"The car century was a mistake. It's time to move on."
So says a recent guest editorial in the Washington Post by J. H. Crawford, the author of "Carfree Cities" and "Carfree Design Manual," and publisher of Carfree.com.
"Cities all across Europe are discouraging automobile use in favor of walking, cycling and public transport," Crawford writes. "This is most clearly illustrated in Oslo, the first European capital to announce that its downtown core will soon be made car-free."
Chattanooga hasn't gone all in and put a ban on cars downtown like Norway's capital. But the zeitgest has seen a shift here, too, toward walkable and bikeable communities.
It's happening downtown. Chattanooga's new, 140-acre Innovation District touts that it's inside a "dense, walkable urban core." Workers in the "innovative economy" want to be in urban places that are "walkable, bikeable, hyper-caffeinated where they can bump into workers and share ideas," said a video on the Innovation District's website titled the "The Metropolitan Revolution: The New Geography of Innovation."
The city has created new dedicated bike lanes on Broad Street and plans to build a network of them, including on Eighth Street, M.L. King Boulevard, Bailey Avenue, Willow Street and Orchard Knob. The bike laws are part of a city initiative to boost bicycle ridership in Chattanooga from about 1 percent today up to 5 or 6 percent level achieved in such cites as Portland, Ore.
People are moving back to the urban core, too. Downtown Chattanooga is experiencing the biggest burst of residential development it's seen in decades. It's expected that new construction and retrofitting downtown will add some 1,740 apartments and condos, 1,322 student beds and 564 hotel rooms.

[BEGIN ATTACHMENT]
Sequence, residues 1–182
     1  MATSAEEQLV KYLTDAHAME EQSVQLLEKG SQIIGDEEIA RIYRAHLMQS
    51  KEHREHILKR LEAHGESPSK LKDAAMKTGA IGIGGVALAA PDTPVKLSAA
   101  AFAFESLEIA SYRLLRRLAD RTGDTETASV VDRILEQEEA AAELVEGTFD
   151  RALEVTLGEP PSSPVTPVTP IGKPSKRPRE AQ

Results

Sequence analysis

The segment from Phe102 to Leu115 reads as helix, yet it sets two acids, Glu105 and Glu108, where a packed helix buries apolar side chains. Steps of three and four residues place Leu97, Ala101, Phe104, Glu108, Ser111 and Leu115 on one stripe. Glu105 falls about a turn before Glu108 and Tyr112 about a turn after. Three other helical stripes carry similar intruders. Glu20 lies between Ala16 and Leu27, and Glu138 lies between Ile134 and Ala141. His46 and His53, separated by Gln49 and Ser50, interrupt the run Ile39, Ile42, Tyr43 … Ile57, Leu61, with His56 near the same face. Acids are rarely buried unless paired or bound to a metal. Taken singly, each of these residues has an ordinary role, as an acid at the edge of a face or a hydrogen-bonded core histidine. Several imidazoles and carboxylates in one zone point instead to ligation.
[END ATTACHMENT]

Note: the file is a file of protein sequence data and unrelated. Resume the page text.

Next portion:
And a new "downtown" has been created in Chattanooga: Cambridge Square, a mixed-use community just east off Interstate 75 at Exit 11 in Ooltewah, which is a neighborhood inside Chattanooga's city limits. It's a commercial development with a small public square surrounded by eateries, including a wine bar and craft beer tasting room, and retail businesses, including a cigar shop and offices. Residential development will get underway this year, and its residents will be able to walk to the square.
Cambridge Square's developers described the development as "ururban," or the successful merger of urban and suburban environments. "OK, so we made that word up. But that's ultimately what Cambridge Square delivers: a vibrant, family-friendly community that oers all the benets of a downtown atmosphere in the heart of Ooltewah."
"We're going back to the future," says Kim White, president and CEO of River City Co., the nonprofit company whose mission is downtown development. "We're building back what was there. Everyone lived downtown (once). Over the years, so much has been decentralized."
White doesn't doubt that there's enough demand for all the new living spaces, since large employers remain in the city center.
"There's 55,000 workers downtown; 97 percent of them drive from outside in," she says. So only about 3 percent of those who work in downtown Chattanooga also live there. Meanwhile, the percentage is around 10 percent in comparable Southern cities, she said, such as in Charleston, S.C., and Asheville, N.C.